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mrcombustible
14 Jun 21 18:12
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Punter sues Paddy Power over disputed £286,000 winning bet at Wolverhampton
Paddy Power: bookmaker considers itself "bound in honour" to pay £28,600 to a punter
Paddy Power: bookmaker considers itself "bound in honour" to pay £28,600 to a punter
Edward Whitaker (racingpost.com/photos)
1 of 1
By Chris Cook
UPDATED 5:57PM, JUN 14 2021
 
Paddy Power are being sued by a punter after crediting his account with £286,000 for a winning bet, only to claw it back two days later on the grounds that he had originally wanted to place a much smaller bet.

The dispute is expected to result in a High Court hearing at the end of this month, at which one of the issues to be put before the judge will be the fairness and legality of the 'error' rule commonly used by bookmakers, which has so often been the cause of complaint among punters denied a payout to which they believed they were entitled.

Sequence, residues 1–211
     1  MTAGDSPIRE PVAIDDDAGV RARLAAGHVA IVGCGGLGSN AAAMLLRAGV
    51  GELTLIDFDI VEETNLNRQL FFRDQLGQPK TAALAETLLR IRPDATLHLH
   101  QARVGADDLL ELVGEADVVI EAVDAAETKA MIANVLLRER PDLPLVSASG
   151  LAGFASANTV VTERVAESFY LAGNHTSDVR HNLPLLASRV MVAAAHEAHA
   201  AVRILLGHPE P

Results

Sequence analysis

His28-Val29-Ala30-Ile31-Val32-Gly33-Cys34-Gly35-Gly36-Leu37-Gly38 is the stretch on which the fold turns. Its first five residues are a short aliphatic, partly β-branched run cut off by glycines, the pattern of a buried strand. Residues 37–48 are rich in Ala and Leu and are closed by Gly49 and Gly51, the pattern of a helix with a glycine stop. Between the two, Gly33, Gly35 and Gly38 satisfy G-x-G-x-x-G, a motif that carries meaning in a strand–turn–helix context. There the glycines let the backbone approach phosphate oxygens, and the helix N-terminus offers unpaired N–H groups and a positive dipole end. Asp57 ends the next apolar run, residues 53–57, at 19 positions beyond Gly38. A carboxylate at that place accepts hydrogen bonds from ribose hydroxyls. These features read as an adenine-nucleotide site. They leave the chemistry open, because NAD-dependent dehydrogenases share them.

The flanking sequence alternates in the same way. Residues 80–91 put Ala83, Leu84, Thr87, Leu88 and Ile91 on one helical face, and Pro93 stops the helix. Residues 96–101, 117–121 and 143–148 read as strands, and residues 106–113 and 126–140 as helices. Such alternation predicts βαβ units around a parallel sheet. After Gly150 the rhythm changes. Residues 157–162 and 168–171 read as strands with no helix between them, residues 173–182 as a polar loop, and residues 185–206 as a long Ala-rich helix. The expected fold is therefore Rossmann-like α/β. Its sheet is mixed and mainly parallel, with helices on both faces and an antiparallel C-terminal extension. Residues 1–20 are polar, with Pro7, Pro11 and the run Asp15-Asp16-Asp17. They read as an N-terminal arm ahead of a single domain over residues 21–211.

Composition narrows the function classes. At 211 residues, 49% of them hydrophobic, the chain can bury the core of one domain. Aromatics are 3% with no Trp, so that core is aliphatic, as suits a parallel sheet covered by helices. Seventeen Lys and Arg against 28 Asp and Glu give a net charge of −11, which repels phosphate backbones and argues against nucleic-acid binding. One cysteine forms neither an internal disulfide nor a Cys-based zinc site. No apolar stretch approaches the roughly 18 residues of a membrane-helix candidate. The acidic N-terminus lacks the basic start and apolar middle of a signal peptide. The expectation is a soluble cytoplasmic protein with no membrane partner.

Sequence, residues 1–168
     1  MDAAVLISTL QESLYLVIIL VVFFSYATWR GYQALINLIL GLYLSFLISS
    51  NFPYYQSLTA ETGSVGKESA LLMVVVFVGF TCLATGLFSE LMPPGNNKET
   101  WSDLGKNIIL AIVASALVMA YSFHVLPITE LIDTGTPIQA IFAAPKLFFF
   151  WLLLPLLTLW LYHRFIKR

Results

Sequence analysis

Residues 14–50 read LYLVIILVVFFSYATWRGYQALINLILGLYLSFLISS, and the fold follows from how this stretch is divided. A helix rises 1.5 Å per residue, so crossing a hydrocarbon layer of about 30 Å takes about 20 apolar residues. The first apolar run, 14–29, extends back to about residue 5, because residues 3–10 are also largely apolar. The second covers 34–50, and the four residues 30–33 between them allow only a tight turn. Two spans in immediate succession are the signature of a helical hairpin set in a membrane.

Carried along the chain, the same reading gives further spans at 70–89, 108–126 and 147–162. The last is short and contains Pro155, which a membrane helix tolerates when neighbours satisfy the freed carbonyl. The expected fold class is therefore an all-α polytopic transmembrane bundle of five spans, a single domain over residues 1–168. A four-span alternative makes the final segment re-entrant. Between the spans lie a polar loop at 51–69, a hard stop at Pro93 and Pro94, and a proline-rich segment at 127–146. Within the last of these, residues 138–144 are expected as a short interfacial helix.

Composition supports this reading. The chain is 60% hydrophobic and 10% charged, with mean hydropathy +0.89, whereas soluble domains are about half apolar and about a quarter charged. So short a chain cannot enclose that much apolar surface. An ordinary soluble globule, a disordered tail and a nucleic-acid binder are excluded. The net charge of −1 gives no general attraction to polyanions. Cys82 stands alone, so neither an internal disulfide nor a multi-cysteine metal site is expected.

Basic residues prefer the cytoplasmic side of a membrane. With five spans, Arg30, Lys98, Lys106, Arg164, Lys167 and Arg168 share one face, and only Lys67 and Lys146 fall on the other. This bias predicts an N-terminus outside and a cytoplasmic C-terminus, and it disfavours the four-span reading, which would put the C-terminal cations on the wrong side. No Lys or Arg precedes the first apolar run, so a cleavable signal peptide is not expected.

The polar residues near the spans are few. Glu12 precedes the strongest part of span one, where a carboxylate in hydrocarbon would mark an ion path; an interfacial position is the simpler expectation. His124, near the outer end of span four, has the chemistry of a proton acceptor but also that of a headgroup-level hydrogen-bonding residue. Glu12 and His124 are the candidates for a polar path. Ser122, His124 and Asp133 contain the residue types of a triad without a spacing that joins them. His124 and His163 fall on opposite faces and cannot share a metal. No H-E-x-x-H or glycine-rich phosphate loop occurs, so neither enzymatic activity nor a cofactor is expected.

James Longley backed Redemptive when she won at Wolverhampton in September 2019, phoning up Paddy Power to ask for £1,300 each-way at the 16-1 that was then on offer. The operator who took the call said she would seek authorisation from a trader, as the maximum stake for his account was £203.

At this point, the operator mistakenly relayed the bet to a trader as a request for £13,000 each-way. The bet was approved and the operator relayed that information to Longley, who says he was happy to be allowed a much larger bet than the one he had sought.

Longley's phone call was recorded and a transcript has been included in court documents from the defence, seen by the Racing Post. It shows the operator telling him: "I got that cleared with a trader for you" and adding: "So that's going to be twenty-six thousand coming from [account name], is that correct?"

Longley replied: "Yeah, that's it, yeah". The parties do not agree as to whether he had realised at this point that a much larger bet had been authorised, Paddy Power insisting he must have misheard, misunderstood or thought the operator had made a slip of the tongue.

'An unfair contract term'

Before the race started, Longley says he checked his account and noted that a stake of £26,000 had indeed been deducted from his available balance. The bookmakers argue that it was only at this point Longley realised he had been allowed a bet much larger than he had asked for, and that therefore there had been no true agreement between the parties as to the bet and it should be void in law.